Schools, businesses endure record breaking heat

by: Natasha Chen Updated:

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SEATTLE - People in older buildings with no air conditioning and those working outside all endured record -breaking temperatures Wednesday. The temperature at Sea-Tac reached 93 degrees, breaking the record set only a few years ago of 87 degrees in 2009.


Cascade Middle School in the Highline School District is an example of an older building with no air conditioning.
Ellen Dorr, who teaches eighth-grade language arts, has been dreading this day since early this week.

"On Monday I sent a note saying, 'I know it's going to be 90 on Wednesday, and it's already unbearable in here.' So we were brought fans in every classroom and a drinking fountain was put in,'" Dorr said.

Because of her proactive message, 18 fans were delivered to the school. Doors and windows were propped open, and students enjoyed the new drinking fountain.

Dorr has particular trouble when temperatures climb, because, she said, her room gets 15 degrees hotter than outside. She guesses the hot air going through the vents may have something to do with a computer lab added next door.

"We've got kids who have gotten sick during class, like kids have to come out in the hallway, we have to prop the doors open," she said.

A fan was already going at 10 a.m., as students complained of heat.

People working outside also had to take extra precautions.

Fishmongers at Pike Place Fish were told to put extra ice over all the seafood, and to stay hydrated themselves.

"We have a big ice machine in the cooler, and we just keep filling up these buckets as the day goes on. Keep it iced. Ice man cometh," said Jaison Scott, one of the managers.

They used 10 to 12 buckets of ice to cover the fish before the day even started. But even if the heat is unusual for September, Scott said he enjoys having the sun stick around longer.

"We love it. We're prepared any time of the year," he said.

KIRO 7 Meteorologist Brian Monahan answered the following questions about Wednesday's heat:

How many times has Seattle hit 90?

Seattle has hit 90 just one other time this summer, on June 30 (93). This will seem strange to a lot of folks since it's been such a warm summer versus averages. And it has been very warm; it's just that we've spent most of our heat in the 80s. Today will be the 40th time this year we've reached 80+ at Sea-Tac (all of last year we did it just 21 times). Keep in mind, the highest average high in Seattle is 78 degrees. More stats: We've reached 90+ only 14 other times in September, going back approximately 120 years ago.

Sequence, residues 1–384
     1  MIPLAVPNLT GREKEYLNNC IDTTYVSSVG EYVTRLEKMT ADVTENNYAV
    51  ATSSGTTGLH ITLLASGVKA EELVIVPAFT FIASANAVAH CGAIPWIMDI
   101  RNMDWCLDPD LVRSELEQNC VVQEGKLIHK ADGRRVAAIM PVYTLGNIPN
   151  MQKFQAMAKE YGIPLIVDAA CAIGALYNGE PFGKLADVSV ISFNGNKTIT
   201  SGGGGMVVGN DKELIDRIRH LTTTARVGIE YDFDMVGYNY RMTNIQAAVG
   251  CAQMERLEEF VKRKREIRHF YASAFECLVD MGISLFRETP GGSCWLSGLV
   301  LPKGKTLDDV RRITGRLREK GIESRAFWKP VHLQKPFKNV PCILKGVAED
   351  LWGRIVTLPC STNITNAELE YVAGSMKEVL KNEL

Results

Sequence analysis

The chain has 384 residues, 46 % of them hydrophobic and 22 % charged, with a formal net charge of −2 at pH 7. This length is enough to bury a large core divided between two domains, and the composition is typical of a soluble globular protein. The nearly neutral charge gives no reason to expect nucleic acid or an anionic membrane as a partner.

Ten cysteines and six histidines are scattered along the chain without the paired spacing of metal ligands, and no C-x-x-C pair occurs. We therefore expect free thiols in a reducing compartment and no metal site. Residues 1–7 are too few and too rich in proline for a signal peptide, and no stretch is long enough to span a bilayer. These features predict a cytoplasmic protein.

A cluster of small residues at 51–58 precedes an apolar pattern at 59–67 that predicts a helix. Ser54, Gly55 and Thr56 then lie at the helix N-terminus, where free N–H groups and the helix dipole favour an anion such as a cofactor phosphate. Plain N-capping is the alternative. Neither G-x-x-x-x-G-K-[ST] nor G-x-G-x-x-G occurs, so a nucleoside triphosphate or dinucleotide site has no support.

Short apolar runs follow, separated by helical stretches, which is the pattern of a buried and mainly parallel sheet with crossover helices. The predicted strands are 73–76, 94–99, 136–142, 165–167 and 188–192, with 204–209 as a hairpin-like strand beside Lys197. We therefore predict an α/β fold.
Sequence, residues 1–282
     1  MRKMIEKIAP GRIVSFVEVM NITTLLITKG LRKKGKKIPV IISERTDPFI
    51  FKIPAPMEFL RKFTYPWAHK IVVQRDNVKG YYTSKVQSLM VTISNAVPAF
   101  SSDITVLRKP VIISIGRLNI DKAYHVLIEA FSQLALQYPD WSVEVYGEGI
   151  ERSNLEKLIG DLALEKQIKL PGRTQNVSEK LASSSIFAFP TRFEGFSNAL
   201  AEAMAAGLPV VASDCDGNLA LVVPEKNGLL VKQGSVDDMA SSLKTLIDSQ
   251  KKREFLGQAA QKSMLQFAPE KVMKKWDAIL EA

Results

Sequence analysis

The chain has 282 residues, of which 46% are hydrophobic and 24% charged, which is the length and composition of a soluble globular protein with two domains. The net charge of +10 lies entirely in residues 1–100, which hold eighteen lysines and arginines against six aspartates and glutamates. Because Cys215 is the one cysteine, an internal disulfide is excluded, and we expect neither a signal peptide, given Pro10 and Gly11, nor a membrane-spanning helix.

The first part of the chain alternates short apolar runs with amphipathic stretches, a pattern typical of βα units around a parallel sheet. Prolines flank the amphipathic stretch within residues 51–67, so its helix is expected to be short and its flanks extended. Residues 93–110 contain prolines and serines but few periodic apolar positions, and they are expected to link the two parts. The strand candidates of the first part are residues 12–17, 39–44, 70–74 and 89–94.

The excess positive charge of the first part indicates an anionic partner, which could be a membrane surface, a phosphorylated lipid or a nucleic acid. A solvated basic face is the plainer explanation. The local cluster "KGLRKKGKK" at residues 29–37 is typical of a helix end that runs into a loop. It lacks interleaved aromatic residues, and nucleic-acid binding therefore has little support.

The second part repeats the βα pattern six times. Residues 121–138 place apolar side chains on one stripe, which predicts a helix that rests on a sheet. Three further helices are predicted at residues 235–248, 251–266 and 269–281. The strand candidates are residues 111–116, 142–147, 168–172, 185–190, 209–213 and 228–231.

What's the (lack of) humidity level?

It was less humid this morning (and warmer), so we saw much less fog across western Washington. A better measure of the humidity is the dewpoint temperature (this is an absolute measure). Dewpoints in the 40s and lower are "comfortable/dry," in the 50s some folks start to feel uncomfortable, 60s are getting more humid/muggy, and 70s are "oppressive" (that's Florida/Texas/Memphis humidity). Dewpoints today will be in the low to mid 50s at most -- so for most of us, it will be relatively "dry."

How long will this go on for?

We'll slip back a bit Thursday as the sea breeze kicks back in a bit earlier; but we'll still reach near record highs (Thursday's record is 85 in 1975). Friday stays warm, slipping back into the low 80s, with mid 80s on Saturday. The real pattern change hits on Sunday, as low pressure moves in and brings a chance of storms to western Washington. By the way, the average high temperature right now is 73 -- so we'll be way above that through the weekend.

Why is the heat happening?

Strong ridge of high pressure aloft leads to sinking air, which warms as it sinks. Air is unusually warm aloft. At the same time, low pressure along the coast is pulling the wind down off the Cascades (and Olympics for the coast). This is a "downslope" wind -- as air descends the Cascades and Olympics, it dries out and warms up. The easterly flow also inhibits the development of the afternoon breeze off the water. All of this together leads to unusually warm temperatures. 

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